Conservation Minnesota

Banishing the Word “Pristine”

At the start of every year, Michigan’s Lake Superior State University releases a tongue-in-cheek list of words and terms to be banished from the English language on the grounds that they are misused, overused, or useless.  The 2013 list includes “fiscal cliff,” “double down” and “bucket list.”

The environmental lexicon has a few candidates for banishment, and candidate Number One is “pristine.”  It’s clearly misused, overused and useless.

Misused:  A recent news report declared Lake Superior to be the “most pristine” of the Great Lakes. That’s like saying something is the “most perfect.”  It’s either perfect or not, pristine or not.  There are no degrees of perfect or pristine.  “Pristine” means pure.

Overused:  Far too often, a writer trying to communicate the wonder of a natural scene or resource will fall back on “pristine” as a lazy substitute for more precise description. In every panorama is something singular – the shading of leaves, grasses or birds, the topography, the web of life. That’s what merits communication.

Useless: there is plenty of beauty in the natural world.  Minnesota contains a wealth of it: monumental cliffs along the North Shore; expansive open spaces in the southwest; gawky white pelicans, dignified moose and venerable sturgeon.  None of it is pristine in the sense the word is usually intended – untouched by the supposedly corrupting hand of civilization.  We have touched it all, for better or worse.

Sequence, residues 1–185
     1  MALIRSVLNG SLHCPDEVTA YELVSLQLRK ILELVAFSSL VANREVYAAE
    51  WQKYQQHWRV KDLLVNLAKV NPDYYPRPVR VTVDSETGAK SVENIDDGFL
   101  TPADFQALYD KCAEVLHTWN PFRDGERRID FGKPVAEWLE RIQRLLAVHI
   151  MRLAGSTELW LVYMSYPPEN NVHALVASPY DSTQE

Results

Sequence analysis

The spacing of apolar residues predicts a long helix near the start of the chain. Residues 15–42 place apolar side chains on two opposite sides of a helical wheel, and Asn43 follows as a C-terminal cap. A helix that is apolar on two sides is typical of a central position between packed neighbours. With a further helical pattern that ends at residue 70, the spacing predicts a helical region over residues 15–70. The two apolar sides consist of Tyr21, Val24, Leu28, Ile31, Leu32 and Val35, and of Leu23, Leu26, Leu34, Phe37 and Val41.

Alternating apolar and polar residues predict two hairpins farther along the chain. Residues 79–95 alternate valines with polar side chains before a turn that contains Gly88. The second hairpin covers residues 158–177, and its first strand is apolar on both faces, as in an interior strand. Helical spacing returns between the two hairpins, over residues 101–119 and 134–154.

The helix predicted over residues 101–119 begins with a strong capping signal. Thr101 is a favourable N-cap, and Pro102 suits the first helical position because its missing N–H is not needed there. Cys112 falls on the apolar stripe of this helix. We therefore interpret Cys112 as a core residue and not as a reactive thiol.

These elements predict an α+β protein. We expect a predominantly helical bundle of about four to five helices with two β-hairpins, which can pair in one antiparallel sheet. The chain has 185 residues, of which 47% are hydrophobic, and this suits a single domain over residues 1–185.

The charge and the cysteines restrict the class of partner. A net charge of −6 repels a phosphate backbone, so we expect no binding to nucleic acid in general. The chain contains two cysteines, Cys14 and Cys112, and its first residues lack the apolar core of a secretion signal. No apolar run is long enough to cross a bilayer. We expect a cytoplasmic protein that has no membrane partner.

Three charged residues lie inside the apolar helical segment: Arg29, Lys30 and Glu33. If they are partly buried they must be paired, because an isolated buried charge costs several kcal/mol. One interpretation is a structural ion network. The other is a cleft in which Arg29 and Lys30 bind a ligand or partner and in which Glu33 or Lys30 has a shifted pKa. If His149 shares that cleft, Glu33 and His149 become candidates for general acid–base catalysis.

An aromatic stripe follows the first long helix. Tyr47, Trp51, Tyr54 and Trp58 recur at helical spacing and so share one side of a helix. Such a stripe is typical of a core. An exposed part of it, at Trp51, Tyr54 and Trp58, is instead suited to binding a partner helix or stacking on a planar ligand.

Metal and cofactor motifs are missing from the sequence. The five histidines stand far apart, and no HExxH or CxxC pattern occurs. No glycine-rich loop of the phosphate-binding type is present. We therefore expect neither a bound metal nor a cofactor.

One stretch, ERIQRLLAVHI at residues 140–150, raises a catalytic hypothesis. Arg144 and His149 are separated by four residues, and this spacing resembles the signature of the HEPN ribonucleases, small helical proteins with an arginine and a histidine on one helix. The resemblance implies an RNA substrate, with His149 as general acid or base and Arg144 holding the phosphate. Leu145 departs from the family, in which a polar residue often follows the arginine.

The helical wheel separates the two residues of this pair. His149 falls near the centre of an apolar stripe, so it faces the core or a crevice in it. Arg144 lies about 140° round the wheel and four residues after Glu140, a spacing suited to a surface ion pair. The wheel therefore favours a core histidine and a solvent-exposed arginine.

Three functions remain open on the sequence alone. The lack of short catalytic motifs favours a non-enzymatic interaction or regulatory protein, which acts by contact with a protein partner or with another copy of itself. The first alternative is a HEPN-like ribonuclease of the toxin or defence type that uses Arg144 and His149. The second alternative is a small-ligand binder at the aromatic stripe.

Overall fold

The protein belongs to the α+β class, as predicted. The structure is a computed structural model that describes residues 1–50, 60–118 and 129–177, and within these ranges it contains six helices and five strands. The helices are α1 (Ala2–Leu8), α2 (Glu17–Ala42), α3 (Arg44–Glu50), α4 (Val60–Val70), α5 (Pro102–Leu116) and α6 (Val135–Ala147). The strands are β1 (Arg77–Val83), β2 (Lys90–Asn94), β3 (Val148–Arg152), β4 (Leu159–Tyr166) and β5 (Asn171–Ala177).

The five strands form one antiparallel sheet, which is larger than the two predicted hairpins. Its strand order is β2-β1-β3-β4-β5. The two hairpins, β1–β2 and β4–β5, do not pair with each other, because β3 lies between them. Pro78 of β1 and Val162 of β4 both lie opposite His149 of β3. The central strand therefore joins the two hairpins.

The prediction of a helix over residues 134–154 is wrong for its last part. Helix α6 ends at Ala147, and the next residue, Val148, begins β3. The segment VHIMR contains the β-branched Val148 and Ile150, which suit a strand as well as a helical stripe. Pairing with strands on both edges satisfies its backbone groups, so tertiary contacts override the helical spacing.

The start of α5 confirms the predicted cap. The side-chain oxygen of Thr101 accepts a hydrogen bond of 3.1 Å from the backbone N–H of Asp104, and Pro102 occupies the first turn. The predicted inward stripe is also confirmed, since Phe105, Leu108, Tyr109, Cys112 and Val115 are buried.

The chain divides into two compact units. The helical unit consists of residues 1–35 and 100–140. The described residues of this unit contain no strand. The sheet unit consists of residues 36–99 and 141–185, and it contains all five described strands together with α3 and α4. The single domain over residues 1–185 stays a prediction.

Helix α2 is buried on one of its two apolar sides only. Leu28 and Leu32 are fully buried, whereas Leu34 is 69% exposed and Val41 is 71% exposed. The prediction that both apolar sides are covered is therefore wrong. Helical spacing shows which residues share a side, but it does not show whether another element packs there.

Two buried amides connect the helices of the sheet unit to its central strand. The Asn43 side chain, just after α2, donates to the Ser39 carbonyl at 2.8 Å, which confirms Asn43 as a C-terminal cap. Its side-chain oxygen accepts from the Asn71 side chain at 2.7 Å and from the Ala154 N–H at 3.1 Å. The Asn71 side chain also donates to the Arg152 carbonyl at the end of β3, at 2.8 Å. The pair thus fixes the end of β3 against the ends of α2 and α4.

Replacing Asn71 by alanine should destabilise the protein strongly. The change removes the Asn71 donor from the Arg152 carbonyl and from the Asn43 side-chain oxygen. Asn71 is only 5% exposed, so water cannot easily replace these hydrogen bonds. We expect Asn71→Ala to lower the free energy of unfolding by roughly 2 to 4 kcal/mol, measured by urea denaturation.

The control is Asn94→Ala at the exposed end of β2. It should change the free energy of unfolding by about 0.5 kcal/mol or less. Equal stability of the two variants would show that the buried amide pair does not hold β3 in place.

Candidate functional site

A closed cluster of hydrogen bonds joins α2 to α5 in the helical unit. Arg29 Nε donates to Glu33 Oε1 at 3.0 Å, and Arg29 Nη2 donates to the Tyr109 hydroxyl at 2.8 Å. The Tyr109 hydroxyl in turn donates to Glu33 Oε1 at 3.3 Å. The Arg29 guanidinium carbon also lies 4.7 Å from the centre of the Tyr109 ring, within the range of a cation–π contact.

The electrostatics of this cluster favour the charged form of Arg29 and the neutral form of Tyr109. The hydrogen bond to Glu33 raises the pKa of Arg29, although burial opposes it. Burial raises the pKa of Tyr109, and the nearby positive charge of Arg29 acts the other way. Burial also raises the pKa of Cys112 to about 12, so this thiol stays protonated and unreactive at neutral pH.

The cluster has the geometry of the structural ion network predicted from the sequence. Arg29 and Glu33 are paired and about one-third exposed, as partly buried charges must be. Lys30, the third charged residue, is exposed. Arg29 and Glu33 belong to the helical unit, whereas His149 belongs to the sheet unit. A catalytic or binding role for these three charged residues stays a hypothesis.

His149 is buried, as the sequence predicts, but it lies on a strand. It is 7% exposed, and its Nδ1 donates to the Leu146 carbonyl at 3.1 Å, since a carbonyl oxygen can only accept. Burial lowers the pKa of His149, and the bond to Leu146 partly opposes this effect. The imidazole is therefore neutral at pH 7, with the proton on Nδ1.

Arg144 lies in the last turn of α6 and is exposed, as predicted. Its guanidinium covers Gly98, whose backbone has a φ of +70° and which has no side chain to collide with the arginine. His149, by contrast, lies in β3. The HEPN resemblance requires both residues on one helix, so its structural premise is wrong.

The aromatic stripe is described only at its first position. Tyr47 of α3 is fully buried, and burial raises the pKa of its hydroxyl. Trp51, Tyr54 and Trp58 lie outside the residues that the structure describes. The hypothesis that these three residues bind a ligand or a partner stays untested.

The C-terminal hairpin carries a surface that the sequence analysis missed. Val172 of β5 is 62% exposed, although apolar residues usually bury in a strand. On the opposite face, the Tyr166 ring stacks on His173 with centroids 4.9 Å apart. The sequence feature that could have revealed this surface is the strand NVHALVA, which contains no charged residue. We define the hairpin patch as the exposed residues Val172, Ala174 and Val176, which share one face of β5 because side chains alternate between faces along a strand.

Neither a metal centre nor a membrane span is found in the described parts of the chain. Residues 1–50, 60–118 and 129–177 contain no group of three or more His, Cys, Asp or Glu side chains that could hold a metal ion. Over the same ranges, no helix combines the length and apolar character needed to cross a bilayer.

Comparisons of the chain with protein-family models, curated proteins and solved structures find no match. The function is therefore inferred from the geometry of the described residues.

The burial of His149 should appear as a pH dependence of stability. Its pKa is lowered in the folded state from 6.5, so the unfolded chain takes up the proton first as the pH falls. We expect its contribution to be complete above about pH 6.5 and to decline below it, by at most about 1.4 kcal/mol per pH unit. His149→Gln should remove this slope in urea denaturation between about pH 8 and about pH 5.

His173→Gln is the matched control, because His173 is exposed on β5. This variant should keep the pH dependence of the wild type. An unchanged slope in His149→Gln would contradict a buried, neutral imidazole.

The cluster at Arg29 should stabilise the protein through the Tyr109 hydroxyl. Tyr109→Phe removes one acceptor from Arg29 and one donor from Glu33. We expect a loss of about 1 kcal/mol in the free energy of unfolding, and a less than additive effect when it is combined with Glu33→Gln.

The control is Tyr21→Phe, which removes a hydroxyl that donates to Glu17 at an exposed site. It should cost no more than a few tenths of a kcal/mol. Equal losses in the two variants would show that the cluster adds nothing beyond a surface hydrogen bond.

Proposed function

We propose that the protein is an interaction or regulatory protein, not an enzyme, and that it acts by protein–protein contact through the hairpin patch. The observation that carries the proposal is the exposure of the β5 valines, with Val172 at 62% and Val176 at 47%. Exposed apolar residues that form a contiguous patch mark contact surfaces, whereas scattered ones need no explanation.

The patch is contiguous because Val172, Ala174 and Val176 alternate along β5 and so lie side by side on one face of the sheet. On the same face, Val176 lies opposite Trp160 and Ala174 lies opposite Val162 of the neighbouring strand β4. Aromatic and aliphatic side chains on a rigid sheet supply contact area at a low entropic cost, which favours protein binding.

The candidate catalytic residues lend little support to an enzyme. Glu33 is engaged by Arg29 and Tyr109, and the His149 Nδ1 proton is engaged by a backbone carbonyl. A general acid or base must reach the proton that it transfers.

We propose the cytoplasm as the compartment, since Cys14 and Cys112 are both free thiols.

When it comes to environmental discourse, let’s purely place “pristine” on the junk heap.  And let’s celebrate the glory of nature with fresh language in 2013.

About Dave Dempsey

Dave Dempsey
Dave Dempsey is a resident of Rosemount and author of three books on environmental subjects. He formerly served as Conservation Minnesota's communications director.
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John Helland says:

Dave – I agree with the first three words that Lake Superior State identifies as certainly overused, the first almost ad nauseum. However, “pristine” can be a very useful term to describe certain wilderness – like old growth tree stands – or scientific and natural areas still in their original condition.
My definition of the word means “unspoiled”, or “clean and fresh as if new.” Pristine areas still exist in various reaches of the great northland. I’d hate to see the word vanish to the trash heap.